It may seem like an obvious answer but a daring study in 1931 done by G. Robert Coatney found that the Pigeon fly is able to feed on humans! Coatney recruited 2 friends to carry this experiment out by forcing the flies to bite them and suck their blood, effectively becoming the host for the flies. However, they only feed on humans blood when there is a lack of choice, on in this case, when being forced to. A red and itchy bite mark appeared which persisted for 6 days, 9 days, and 20 days for Coatney and his friends respectively.
By having a diet of only human blood, the flies could not survive for long or reproduce. The male Pigeon fly lived for 12 days while the female Pigeon fly lived for 7 days and never produced a larvae.6 This effectively shows that the Pigeon flies are very host specific and only by feeding on pigeons will they be able to survive and reproduce. Therefore fret not! Unless pigeons have been wiped out throughout the world, we, humans, do not have to worry about these little critters sucking our blood and potentially transmitting deadly diseases to us.
Is it also a vector for human diseases?
The pigeon fly is under the Superfamily Hippoboscoidea together with the infamous tsetse fly. The tsetse fly is a vector for the African trypanosomiasis, also known as the sleeping sickness. It is caused by the parasite,Trypanosoma brucei, which is dispersed by the tsetse fly to humans living in Central Africa. If not treated, the sleeping sickness can be lethal.7 Thankfully, the tsetse fly's geographical distribution is only within Central Africa. However, since the pigeon fly is a close relative to the tsetse fly, some scientists are conducting researcgh to find out if the pigeon flies also carry trypanosomes since it may also result in a disease outbreak all over the world! Till then, it is still not known if the pigeon fly is a vector for human diseases.
The pigeon fly is dorsoventrally flattened which allows the fly to slide between feathers and hide amongst them to avoid detection8 .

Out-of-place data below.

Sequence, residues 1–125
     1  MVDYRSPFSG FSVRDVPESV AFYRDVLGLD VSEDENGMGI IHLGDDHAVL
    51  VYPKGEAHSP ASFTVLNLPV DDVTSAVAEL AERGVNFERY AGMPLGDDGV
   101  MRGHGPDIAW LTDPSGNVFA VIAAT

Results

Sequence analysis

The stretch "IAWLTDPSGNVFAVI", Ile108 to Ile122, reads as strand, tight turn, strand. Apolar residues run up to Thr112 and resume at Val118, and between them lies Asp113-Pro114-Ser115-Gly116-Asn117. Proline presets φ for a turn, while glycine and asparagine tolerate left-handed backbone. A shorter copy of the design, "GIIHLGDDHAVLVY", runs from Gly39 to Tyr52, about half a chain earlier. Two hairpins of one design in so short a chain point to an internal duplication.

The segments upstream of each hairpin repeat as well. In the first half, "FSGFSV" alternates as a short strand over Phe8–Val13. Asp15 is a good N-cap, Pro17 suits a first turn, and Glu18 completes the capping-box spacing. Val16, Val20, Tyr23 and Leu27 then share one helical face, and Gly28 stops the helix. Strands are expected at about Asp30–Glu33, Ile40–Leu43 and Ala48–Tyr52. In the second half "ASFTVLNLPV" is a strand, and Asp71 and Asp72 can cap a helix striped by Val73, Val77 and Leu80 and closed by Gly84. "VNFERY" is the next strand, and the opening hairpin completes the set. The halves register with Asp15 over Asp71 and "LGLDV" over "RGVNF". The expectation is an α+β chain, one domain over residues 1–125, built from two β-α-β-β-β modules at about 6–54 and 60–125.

4 claws on each of its 6 legs to hook tightly onto the bird host8 .
Presence of piercing mouthpart to penetrate the bird host's skin and suck their blood. Its mouthpart is directed forwards rather than downwards8 .
Legs are robust with enlarged femora, thus showing its reliance on the legs are scurrying amongst the feathers8 .
Figures 5-9: Illustrations of a Pigeon fly and its morphology. Fig. 6(A): Wing. Fig. 6(B): Head. Fig. 6(C): Puparium (Top view). Fig. 6(D): Puparium (Side view). Fig. 6(E): Puparium respiratory lobes. Fig. 6(F): Male terminalia. Fig. 6(G-H): Dorsal basal area of abdomen. Fig. 7(A): Dorsal and ventral thorax, basal area of left wing. Fig. 7(ALU): Alula. Fig. 7(AN+): Combined anal, 3rd posterior and axillary cells of the wing. Fig. 7(AXV): Axillary vein. Fig. 7(2B+): Combined 2nd basal and 2nd posterior cells of the wing. Fig. 7(CO): Costa. Fig. 7(DCL): Upper Calypter. Image Credit: Smithsonian National Museum of Natural History, Department of Entomology.9
When the pigeon fly was described, the concept of a holotype has not been establised. Therefore, it has a syntype stored at the Muséum National d'Histoire Naturelle in Paris.
Figure 15-17 (Left to right): Image of Pseudolynchia canariensis syntype. Image credits: Muséum National d'Histoire Naturelle (Creative Commons).10
The pigeon fly was first described by Justin Pierre Marie Macquart, a french entomologist specialising in Diptera, in 1839 as Olfersia canariensis.
Figure 18: The original description of the pigeon fly.11 Image credits: Bibliothèque nationale de France
Binomial name: Pseudolynchia canariensis Macquart, 1839
Vernacular name: Pigeon fly
Synonyms: Lynchia simillima Speiser, 1904
Olfersia canariensis Macquart, 1839
Olfersia capensis Bigot, 1885
Olfersia exornata Speiser, 1900
Olfersia falcinelli Rondani, 1879
Olfersia lividicolor Bigot, 1885
Olfersia maura Bigot, 1885
Olfersia rufipes Macquart, 1847
Olfersia testacea Macquart, 1843
The pigeon fly was first described by Macquart as Olfersia canariensis in 1839. Since then, many other entomologists such as Bigot, Speiser, and even Macquart himself have still redescribed the pigeon fly under the genus Olfersia. In 1926, the genus Pseudolynchia was described by Bequaert, and the genus Olfersia was split12 . The pigeon fly was eventually placed under the genus Pseudolynchia.
Why is the genus called Pseudolynchia?.
Pseudolynchia literally means "fake Lynchia". According to Maa(1966), the genus Psuedolynchia is closely related to Lynchia sensu Bequaert 1926 and particularly to Microlynchia Lutz 1915 and its only unique character is the presence of finger-like processes on scutellum13 . The sexual dimorphism, vibrissal and metabasisternal processes, facial and prescutal pilosity and posterior scutellar truncation are shared by some of the Lynchia species-groups; whereas the venation and abdominal features are similar to those in Microlynchia13 . Therefore, Pseudolynchia stands most probably intermediate of Lynchia and Microlynchia and may be considered primarily an Old World counterpart of the latter13 .